Rate of force development (RFD): This may be one of the least talked about principles in strength and conditioning, but essentially it is the equivalent metric to a car’s 0-60 mph time. “How fast does it take the athlete to go from relaxed to max force output?”, is another way to say it. For me being a lineman, this is everything, and it still blows me away that I first heard about it after my college career… Westside improved this by implementing floor presses and box squats with the emphasis of relaxing major muscle groups at the bottom, followed by max volitional effort to accelerate the barbell to max speed. Of course, this was implemented with the accommodative resistance, which added an additional incentive because you would get buried at the sticking point of the lift if there wasn’t enough velocity on the barbell. After training with this method for a few months I noticed a significant speed increases on my first step in football and felt like I could rip a deadlift from the ground as hard as I could, but still maintaining a rigid posture. I gained understanding to one of my favorite Weightlifter’s quotes: “Pull the bar like you’re ripping the head off a god-damned lion!”- Donny Shankle.
Plyometrics: I would generalize plyometric as any unloaded explosive-power exercises such as any jumping variations or med ball throws.
Above is the (concentric) force-velocity curve that summarizes that near isometric conditions are needed to apply maximal concentric force, and at higher speeds less force can be applied. This curve maintains shape relatively well, but either translates up or down on the y-axis depending on the athlete’s overall strength. In hindsight, my theory was that I worked 90+% of my time at peak power or above, and occasionally through in max speed training. This distorted my force-velocity curve, where I was above average in max strength, strength speed, and peak power, but was embarrassingly bad at max speed types of exercises. By reallocating more time in my training to improve max speed, mostly in the form of box jump variations, the whole curve seemed to shift up again on the y-axis. I do want to make the disclaimer that as a lineman strength-speed should be where most of my training time goes, and as I get further from that force-velocity relationship I should devote less time in training to it, but nothing should be neglected either.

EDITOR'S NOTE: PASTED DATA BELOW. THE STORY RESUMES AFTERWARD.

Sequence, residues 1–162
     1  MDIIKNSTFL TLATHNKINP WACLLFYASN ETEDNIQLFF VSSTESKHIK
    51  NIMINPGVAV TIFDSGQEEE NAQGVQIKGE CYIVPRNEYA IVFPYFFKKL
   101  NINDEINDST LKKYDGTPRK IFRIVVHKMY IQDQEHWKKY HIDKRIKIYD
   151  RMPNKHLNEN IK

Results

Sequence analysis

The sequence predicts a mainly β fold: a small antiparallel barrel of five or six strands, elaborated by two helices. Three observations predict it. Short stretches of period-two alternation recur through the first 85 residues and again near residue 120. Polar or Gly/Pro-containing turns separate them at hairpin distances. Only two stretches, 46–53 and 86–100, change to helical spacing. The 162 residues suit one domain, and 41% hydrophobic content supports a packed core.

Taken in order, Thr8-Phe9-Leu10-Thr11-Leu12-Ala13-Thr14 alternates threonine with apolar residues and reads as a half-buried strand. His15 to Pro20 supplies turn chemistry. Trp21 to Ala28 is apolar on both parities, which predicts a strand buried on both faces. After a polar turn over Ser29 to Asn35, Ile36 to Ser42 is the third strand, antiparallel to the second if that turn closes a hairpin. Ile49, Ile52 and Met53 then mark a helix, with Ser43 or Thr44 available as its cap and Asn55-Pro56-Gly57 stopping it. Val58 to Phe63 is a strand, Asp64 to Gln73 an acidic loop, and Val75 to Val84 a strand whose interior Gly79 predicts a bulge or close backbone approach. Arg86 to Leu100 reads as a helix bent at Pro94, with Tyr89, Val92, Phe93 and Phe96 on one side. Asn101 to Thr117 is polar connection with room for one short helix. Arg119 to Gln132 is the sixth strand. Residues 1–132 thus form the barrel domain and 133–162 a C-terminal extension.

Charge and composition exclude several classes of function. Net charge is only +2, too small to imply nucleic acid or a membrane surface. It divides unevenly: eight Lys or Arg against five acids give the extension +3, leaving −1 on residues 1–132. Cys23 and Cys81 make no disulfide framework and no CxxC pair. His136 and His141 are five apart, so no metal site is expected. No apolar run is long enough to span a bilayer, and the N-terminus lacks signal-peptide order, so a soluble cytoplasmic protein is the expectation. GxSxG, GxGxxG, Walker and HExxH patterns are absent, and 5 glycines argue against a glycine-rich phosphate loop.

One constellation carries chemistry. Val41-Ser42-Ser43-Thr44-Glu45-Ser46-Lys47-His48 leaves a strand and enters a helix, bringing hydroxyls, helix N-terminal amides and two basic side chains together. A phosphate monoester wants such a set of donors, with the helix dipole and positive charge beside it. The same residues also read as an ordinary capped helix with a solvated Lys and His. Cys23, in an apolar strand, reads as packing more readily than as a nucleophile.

Plateaus are frustrating, but I think the key take-away is to never assume you’ve figured it all out. The world is massive, and there are endless methodologies in training. So, have some humility and try something new. There’s a ton of great excuses to not get out of your comfort zone such as not running because it sucks or thinking a certain training style is based on hocus-pocus, but good or bad, nothing replaces a new perspective on a problem.
About the Author
Jack Rummells, PhD Candidate, NFL
Lifting is my religion. My interest for the iron began at age 13 doing strongman out of my first mentor’s garage. This evolved into competing in Olympic Weightlifting and Strongman through high school and college. At the University of Northern Iowa, I received a B.A. and M.A. in kinesiology, as well as All- American honors on the football field as a left tackle. In 2015, I was lucky enough to join the Jacksonville Jaguars roster for 6 months. After I was released from the Jaguars, I had the opportunity to train for a month learning the conjugate method from Louie Simmons at Westside, and a month later I placed 12th overall in the 105+ division at the American Open in Olympic Weightlifting. Currently, I’m back at school pursuing my PhD in Biomedical Engineering at the University of Iowa… And yes, the fire still burns strong.